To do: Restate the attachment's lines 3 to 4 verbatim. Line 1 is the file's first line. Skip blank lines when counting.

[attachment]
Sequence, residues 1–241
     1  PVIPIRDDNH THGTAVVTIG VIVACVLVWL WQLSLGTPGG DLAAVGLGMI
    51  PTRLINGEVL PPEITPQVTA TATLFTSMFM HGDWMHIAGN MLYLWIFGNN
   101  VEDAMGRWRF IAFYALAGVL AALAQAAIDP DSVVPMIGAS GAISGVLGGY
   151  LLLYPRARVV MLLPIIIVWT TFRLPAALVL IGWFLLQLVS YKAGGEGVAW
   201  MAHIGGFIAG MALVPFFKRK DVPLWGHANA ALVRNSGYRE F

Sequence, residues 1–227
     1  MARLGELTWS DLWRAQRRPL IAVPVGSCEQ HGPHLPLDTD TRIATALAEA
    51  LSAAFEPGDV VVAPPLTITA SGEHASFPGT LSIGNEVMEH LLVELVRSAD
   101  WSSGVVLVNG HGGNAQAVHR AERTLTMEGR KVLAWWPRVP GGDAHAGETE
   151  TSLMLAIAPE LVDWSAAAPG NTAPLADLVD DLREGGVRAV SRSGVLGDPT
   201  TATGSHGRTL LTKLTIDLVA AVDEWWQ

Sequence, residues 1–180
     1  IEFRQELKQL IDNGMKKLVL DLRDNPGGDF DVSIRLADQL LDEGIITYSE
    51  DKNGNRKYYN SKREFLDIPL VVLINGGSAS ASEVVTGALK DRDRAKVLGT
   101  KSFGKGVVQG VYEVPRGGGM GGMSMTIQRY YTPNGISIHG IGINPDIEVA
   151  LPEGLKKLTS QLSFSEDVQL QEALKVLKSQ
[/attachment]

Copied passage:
    51  PTRLINGEVL PPEITPQVTA TATLFTSMFM HGDWMHIAGN MLYLWIFGNN
   101  VEDAMGRWRF IAFYALAGVL AALAQAAIDP DSVVPMIGAS GAISGVLGGY